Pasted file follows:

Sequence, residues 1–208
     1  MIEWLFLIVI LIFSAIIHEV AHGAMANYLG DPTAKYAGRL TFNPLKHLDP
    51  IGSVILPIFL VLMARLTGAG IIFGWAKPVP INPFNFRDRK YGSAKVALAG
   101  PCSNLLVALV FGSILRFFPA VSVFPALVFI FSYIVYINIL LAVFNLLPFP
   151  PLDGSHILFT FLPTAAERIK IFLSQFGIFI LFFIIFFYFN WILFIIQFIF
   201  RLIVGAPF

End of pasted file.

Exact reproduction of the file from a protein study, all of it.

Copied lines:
Sequence, residues 1–208
     1  MIEWLFLIVI LIFSAIIHEV AHGAMANYLG DPTAKYAGRL TFNPLKHLDP
    51  IGSVILPIFL VLMARLTGAG IIFGWAKPVP INPFNFRDRK YGSAKVALAG
   101  PCSNLLVALV FGSILRFFPA VSVFPALVFI FSYIVYINIL LAVFNLLPFP
   151  PLDGSHILFT FLPTAAERIK IFLSQFGIFI LFFIIFFYFN WILFIIQFIF
   201  RLIVGAPF